12. Eliasson, J., Mattsson, L.: A model for integrated analysis of household location and travel choices. Transp. Res. 34A, 375–394 (2000)Google Scholar
  13. Frank, L., Bradley, M.A., Kavage, S., Chapman, J., Keith Lawton Consulting: Urban form, travel time, and cost relationships with tour complexity and mode choice. Transportation 35, 37–54 (2008)CrossRefGoogle Scholar
  14. Lerman, S.R.: Location, housing, automobile ownership and mode to work: A joint choice model. Transp. Res. Rec. 610, 6–11 (1976)Google Scholar
  15. Leroy, S.F., Sonstelie, J.: Paradise lost and regained: transportation innovation, income and residential location. J. Urban Econ. 13, 67–89 (1983)CrossRefGoogle Scholar
  16. Maat, K., Timmermans, H.J.P.: Influence of the residential and work environment on car use in dual-earner households. Transp. Res. A 43, 654–664 (2009)CrossRefGoogle Scholar
  17. Miller, E.J., Salvini, P.A.: The integrated land use, transportation environment (ILUTE) microsimulation modelling system: description and current status. In: Hensher, D.A. (ed.) Travel Behaviour Research: The leading edge, pp. 711–724. Pergamon Press, Amsterdam (2001)CrossRefGoogle Scholar
  18. Pinjari, A.R., Pendyala, R.M., Bhat, C.R., Waddel, P.A.: Modeling residential sorting effects to understand the impact of the built environment on commute mode choice. Transportation 34, 557–573 (2007)CrossRefGoogle Scholar
  19. Salon, D.: Cars and the City: An Investigation of Transportation and Residential Location Choices in New York City. Dissertation, Department of Agricultural and Resource Economics, University of California, Davis (2006)Google Scholar
  20. Salvini, P.A., Miller, E.J.: ILUTE: an operational prototype of a comprehensive microsimulation model of urban systems. Networks and Spatial Economics 5(2), 217–234 (2005)CrossRefGoogle Scholar
  21. Strauch, D., Moeckel, R., Wegener, M., Gräfe, J., Mühlhans, H., Rindsfüser, G.: Linking transport and land use planning: the micoscopic dynamic simulation model ILUMASS. In: Atkinson, P.M., Foody, G.M., Darby, S.E., Wu, F. (eds.) Geodynamics, pp. 295–311. CRC Press, Boca Raton (2005)Google Scholar
  22. Vega, A., Reynolds-Feighan, A.: A methodological framework for the study of residential location and travel-to-work mode choice under central and suburban employment destination patterns. Transp. Res. A 43, 401–409 (2009)CrossRefGoogle Scholar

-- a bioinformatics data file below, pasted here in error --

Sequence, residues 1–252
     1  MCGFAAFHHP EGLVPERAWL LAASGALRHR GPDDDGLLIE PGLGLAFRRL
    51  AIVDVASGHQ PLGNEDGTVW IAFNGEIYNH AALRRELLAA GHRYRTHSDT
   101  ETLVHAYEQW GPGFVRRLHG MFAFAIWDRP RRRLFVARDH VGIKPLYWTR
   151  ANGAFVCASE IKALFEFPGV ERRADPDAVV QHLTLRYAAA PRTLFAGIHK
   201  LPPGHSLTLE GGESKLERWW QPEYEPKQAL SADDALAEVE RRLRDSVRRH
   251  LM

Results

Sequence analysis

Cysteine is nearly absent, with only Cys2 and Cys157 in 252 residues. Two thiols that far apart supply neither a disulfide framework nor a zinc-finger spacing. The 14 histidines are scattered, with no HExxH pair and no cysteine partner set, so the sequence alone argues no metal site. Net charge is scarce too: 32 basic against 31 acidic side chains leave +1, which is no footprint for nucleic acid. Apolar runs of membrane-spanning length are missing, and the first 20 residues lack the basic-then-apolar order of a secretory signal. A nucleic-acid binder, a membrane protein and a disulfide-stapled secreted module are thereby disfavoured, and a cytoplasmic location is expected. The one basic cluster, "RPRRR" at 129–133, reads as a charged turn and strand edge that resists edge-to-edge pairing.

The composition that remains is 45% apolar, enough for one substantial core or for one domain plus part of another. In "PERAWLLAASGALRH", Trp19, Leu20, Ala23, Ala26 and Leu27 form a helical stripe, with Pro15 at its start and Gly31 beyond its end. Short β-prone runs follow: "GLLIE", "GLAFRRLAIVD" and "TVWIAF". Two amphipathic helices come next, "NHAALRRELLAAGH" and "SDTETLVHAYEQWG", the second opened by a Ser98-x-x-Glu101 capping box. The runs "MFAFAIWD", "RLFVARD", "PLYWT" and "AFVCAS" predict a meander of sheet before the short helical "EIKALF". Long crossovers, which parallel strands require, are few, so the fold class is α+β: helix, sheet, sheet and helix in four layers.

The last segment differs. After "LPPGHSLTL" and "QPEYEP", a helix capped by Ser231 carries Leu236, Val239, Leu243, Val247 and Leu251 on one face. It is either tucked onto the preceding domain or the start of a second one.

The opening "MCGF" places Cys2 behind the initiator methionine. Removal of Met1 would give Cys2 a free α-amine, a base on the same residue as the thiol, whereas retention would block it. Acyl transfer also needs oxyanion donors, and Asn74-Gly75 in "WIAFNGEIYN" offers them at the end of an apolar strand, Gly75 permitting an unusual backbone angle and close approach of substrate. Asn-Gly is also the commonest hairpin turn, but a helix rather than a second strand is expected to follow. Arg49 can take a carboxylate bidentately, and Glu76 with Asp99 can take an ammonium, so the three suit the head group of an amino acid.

23. Waddell, P.: Exogenous workplace choice in residential location models: is the assumption valid in a multinodal metropolis? Geogr. Anal. 25(1), 65–82 (1993a)CrossRefGoogle Scholar
  24. Waddell, P.: A multinomial logit model of race and urban structure. Urban Geogr. 13(2), 127–141 (1993b)CrossRefGoogle Scholar
  25. Waddell, P.: Towards a behavioral integration of land use and transportation modeling. In: Hensher, D. (ed.) Travel Behavior Research: The Leading Edge, pp. 65–95. Pergamon, New York (2001)CrossRefGoogle Scholar
  26. Waddell, P.: UrbanSim: modeling urban development for land use, transportation, and environmental planning. J. Am. Plan. Assoc. 68, 297–314 (2002)CrossRefGoogle Scholar
  27. Waddell, P.: Accessibility and residential location: the interaction of workplace, housing tenure, residential mobility and location choices. In: Preston, J,, Pagliara, F,, Simmonds, D., (eds.) Modelling Residential Location Choice. Ashgate, Hampshire (2006)Google Scholar
  28. Waddell, P., Wang, L., Liu, X.: UrbanSim: an evolving planning support system for evolving communities. In: Brail, R. (ed.) Planning support systems for cities and regions, pp. 103–138. Lincoln Institute for Land Policy, Cambridge (2008)Google Scholar
  29. Wegener, M., Waddell, P., Salomon, I.: Sustainable Lifestyles? Microsimulation of household formation, housing choice and travel behaviour. In: Black, W., Nijkamp, P. (eds.) Social Change and Sustainable Transport. Indiana University Press, Bloomington (2001)Google Scholar

Copyright information

© Springer Science+Business Media, LLC. 2011

Authors and Affiliations

  • Abdul Rawoof Pinjari
    • 1
  • Ram M. Pendyala
    • 2
  • Chandra R. Bhat
    • 3
  • Paul A. Waddell
    • 4
  1. 1.Department of Civil and Environmental EngineeringUniversity of South FloridaTampaUSA
  2. 2.School of Sustainable Engineering and the Built EnvironmentArizona State UniversityTempeUSA
  3. 3.Department of Civil, Architectural & Environmental EngineeringThe University of Texas at AustinAustinUSA
  4. 4.Department of City and Regional PlanningUniversity of California, BerkeleyBerkeleyUSA

Personalised recommendations